5 Reasons to Use Sub-GHz for Your Next IoT Application

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5 Reasons to Use Sub-GHz for Your Next IoT Application

Here are five reasons to start using the sub-Gigahertz or sub-GHz as your communication platform for IoT devices.

· IoT Zone ·
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Do you ever wonder how energy companies can read the utility meter at your home without physically checking it each month? This is because they use a type of wireless technology called Sub-Gigahertz (or Sub-GHz) Communication. Sub-GHz communication allows the meter to transmit data to distant hubs without using a lot of power. Energy distribution, agriculture, asset tracking, healthcare, manufacturing, and many other industries have adopted sub-GHz as their go-to communication method for applications that only need to send data periodically and in small amounts.

Here are some of the benefits of sub-GHz communication and why it could be a great fit for your next application.

Long Range 

Sub-GHz communication isn’t totally new – it utilizes the same frequency band that your key fob uses to unlock your car. Only, imagine if you could unlock your doors and read the temperature in your car from more than 30km away. The long-range capability of sub-GHz communication makes it a great choice, even in obstructed conditions such as large cities. Sub-GHz signals propagate better than 2.4Ghz signals in urban environments because the signal can “bend” around large structures. To see the long-range capabilities of sub-GHz in action, check out this video showing the TI CC1120 communicating over 100km!

Path Loss Versus Distance for Various Frequencies

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Low Power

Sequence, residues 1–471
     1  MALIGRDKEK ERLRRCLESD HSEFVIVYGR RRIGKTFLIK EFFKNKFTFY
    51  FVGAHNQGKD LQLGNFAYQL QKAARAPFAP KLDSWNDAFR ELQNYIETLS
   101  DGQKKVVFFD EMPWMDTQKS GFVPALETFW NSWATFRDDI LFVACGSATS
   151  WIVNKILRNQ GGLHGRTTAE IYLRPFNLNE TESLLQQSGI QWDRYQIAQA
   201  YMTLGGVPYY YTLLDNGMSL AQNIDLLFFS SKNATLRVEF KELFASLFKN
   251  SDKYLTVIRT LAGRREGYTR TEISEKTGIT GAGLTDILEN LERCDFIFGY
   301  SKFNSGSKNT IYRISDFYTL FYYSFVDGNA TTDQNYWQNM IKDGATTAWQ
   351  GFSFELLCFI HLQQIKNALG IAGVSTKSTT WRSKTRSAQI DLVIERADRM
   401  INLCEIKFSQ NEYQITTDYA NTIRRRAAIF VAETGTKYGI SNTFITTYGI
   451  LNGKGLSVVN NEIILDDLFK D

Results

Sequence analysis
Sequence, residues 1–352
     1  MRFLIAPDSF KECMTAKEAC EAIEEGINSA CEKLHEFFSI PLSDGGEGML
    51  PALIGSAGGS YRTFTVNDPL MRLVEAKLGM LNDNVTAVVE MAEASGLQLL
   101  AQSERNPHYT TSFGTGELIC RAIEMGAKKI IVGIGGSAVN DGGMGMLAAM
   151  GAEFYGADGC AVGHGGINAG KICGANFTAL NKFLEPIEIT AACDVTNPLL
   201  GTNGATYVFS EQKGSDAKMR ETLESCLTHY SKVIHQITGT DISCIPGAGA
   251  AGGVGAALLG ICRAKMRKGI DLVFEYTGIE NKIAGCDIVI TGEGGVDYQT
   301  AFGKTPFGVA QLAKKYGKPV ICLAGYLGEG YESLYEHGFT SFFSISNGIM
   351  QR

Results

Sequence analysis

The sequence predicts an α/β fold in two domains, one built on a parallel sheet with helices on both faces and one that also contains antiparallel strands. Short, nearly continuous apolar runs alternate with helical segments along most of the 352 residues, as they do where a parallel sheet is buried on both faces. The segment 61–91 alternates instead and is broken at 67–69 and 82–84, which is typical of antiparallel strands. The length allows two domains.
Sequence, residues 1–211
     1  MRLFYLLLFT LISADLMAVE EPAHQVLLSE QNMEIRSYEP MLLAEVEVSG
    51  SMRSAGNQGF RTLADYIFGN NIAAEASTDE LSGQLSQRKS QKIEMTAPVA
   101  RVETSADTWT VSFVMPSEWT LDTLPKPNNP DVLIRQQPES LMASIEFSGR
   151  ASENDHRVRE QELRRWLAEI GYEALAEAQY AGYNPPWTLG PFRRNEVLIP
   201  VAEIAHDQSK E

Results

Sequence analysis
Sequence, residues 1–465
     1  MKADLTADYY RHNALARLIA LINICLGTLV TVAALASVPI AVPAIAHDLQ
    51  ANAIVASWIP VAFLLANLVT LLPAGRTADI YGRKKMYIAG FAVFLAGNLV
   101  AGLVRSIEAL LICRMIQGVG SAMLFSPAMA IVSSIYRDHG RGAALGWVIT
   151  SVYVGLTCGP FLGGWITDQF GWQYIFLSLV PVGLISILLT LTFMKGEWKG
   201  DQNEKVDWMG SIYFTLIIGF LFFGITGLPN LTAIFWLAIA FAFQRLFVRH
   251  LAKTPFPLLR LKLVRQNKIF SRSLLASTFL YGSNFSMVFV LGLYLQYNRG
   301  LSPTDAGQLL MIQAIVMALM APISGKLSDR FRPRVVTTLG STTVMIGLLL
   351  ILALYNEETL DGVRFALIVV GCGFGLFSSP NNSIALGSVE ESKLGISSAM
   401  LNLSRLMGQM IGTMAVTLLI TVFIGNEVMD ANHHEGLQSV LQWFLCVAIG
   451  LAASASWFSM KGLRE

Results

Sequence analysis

Utilizing a frequency band under 1 GHz means that sensor nodes use significantly less power than 2.4Ghz equivalents. By using smart power management techniques, you can achieve over 10 years of battery life on a coin cell battery. This makes sub-GHz communication ideal for applications where sensor nodes are in locations that are difficult for services such as weather stations and smart meters.

Less Prone to Interference

Today’s airspace is flooded with signals from cell phones, computers, and IoT devices. Even microwave ovens generate interference in the 2.4Ghz range. By using a spectrum that has fewer existing products on the air, sub-GHz is less prone to interference from devices that use Bluetooth, WiFi, or 2.4Ghz ZigBee.

IEEE 802.15.4 Compatible Network configurations

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Using popular protocols such as Zigbee, the TI 15.4 Stack, or 6LoWPan, you can quickly implement a secure star or mesh network without needing to create a networking layer from scratch, significantly reducing development time.

Sub-GHz wireless networking solution

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Low Cost 

The widespread adoption of sub-GHz in industrial applications means that many vendors are offering chipsets with more integrated features, significantly driving the solution cost down. It’s now possible to build sub-GHz sensor nodes with a hardware bill of materials under $4.

There are countless examples of the uses of sub-GHz, from home automation systems, smart agriculture, and factory automation. It will be interesting to follow the IoT use cases around this wireless technology in the future!

frequency, industiral iot, iot app development, iot architecture, iot communication, iot data, mesh network, sub-ghz

Published at DZone with permission of Jessica Califano . See the original article here.

Opinions expressed by DZone contributors are their own.

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